For two miles the Waucoba-Saline Road carves through the Precambrian strata of Whippoorwill Canyon. All along this route you move gradually upsection--that is, as you proceed south the rocks become progressively younger in geologic age. The base, or the section bearing the oldest layers of the classic Waucoban Spring section, as defined by pioneering paleontologist Walcott, occurs in transitional rocks of the Late Precambrian-Lower Cambrian Deep Spring Formation and the overlying lowermost Cambrian Campito Formation. This world-famous change from the Precambrian to the Paleozoic Era lies directly to the east of the Waucoba-Saline Road, 16 miles from the Death Valley Road junction. To the left of the road you will note typically blocky weathering black to brownish quartzites and shales of the Andrews Mountain member of the Campito Formation, within which some of the oldest olenellid trilobites have been recovered. The fossils are by no means common here--they are, indeed, frustratingly rare: one lone occurrence discovered by a very lucky paleontologist, although unfortunate evidence exists to conclude that perhaps that specimen came from much younger strata; the trilobite was recovered from a wash and could have been transported to the site of discovery. Outcrops of the Andrews Mountain member in neighboring Esmeralda County have yielded a few identifiable trilobite specimens.
After examining the exposures of the Campito Formation here, proceed one additional mile to the turnoff to Waucoba Spring, where you will be within a short hiking distance of fossiliferous Early Cambrian strata in the Waucoba Spring geologic section. Waucoba Spring lies approximately one-half mile west of Waucoba-Saline Road, 17 miles south of the intersection with Death Valley Road.
The spring is an old and famous watering hole for the local fauna, including feral burros whose presence in the Death Valley region has generated much controversy. Some investigators claim the burros foul critical watering holes and scare off more sensitive creatures such as bighorn sheep. Others exonerate the asses, pointing out that they have just as much right to exist in the wild as any indigenous creature and charges that they are solely to blame for the ruination of the ecology are absurd.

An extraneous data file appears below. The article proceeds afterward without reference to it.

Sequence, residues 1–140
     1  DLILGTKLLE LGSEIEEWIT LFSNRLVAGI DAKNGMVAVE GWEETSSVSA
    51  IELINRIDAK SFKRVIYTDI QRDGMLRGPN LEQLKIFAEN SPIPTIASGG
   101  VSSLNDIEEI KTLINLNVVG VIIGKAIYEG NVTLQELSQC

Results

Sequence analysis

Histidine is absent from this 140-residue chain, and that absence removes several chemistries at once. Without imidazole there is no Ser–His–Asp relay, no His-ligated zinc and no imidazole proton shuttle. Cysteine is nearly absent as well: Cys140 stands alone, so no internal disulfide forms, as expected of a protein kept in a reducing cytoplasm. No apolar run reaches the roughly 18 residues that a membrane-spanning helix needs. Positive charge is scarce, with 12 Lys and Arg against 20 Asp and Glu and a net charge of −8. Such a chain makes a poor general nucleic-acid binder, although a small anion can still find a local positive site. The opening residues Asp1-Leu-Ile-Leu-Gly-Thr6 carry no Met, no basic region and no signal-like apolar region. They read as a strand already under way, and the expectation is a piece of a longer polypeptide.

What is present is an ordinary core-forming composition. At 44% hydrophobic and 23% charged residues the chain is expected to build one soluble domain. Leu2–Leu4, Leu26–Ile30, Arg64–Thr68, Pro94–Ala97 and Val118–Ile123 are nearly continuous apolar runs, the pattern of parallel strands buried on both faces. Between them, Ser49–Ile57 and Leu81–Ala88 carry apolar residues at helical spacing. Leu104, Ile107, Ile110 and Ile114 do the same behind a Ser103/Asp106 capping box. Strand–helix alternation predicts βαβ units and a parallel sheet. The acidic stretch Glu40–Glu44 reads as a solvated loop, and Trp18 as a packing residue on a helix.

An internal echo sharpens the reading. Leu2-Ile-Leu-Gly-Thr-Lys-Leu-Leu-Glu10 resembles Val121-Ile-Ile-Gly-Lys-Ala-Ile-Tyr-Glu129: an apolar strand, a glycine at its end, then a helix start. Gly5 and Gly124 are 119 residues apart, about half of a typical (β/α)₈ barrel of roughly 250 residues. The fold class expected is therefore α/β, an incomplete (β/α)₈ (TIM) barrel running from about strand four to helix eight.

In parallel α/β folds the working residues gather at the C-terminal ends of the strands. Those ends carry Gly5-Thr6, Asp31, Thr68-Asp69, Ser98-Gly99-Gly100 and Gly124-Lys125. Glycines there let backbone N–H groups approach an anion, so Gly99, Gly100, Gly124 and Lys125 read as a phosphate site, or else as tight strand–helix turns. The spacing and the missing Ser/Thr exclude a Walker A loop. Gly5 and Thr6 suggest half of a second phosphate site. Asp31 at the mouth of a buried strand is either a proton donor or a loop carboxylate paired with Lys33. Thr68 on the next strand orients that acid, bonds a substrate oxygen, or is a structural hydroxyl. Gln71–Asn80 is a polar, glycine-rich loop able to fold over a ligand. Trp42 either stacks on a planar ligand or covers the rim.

During my first visit to the Waucoba a number of years ago, I recall having observed quite a few burros. They'd halt right in front of a moving vehicle, staring inscrutably ahead. Subsequent trips to the Waucoban wilds disclosed a dramatic drop in the observable burro population. I do not know whether natural selection has been weeding out the weak or artificial measures have been employed--such as periodic thinning of the paces/herds by gunfire.
Excellent representative exposures of the classic Early Cambrian Waucoba Spring section described by Walcott lie to the east of Waucoba-Saline Valley Road. To reach the fossil-bearing exposures it is necessary to hike approximately a quarter of a mile to the nearest hillslope, directly east of the turnoff to Waucoba Spring. This slope is composed of the greenish shales and quartzites of the Montenegro Member of the Campito Formation, within whose detrital rocks can be seen worm trails, invertebrate tracks (many made by trilobites, but also several types that have not yet been positively identified) and trilobite head shields, or cephalons (complete specimens rather rare). Another region in which to hunt for the oldest reasonably common trilobites in the geologic record is over in neighboring Esmeralda County, Nevada, where several Montenegro Member sections yield many complete Fallotaspis trilobites, along with several other early spectacularly preserved olenellid trilobites.
As you continue to hike in a generally southeasterly direction along the hillside, the greenish shales and quartzites give way to geologically younger gray-blue to buff-brown archaeocyathid-bearing limestones of the Poleta Formation. Most of the extinct calcareous sponges range from a half-inch to two inches in length, and quite a number of archeocyathid fragments have weathered out of the rocks. A few of the more densely packed clusters of archeocyathids observed in the limestones are likely the preserved remains of primitive, localized reefs.
All of the trilobites within the Poleta Formation occur in the younger, gray-green shales which lie directly on top of the archeocyathid-bearing limestone. In addition to the trilobites, perfect specimens of which remain elusively infrequent in the extensive deposits of shale, abundant worm trails and invertebrate tracks can also be seen. These fossiliferous shales are in striking stratigraphic contact with the older archeocyathid limestone, and the lithologic contrast is so distinctive that it can be traced with assurance throughout the Waucoba Spring district and western Great Basin, in general (northern Inyo County and western Esmeralda County, Nevada).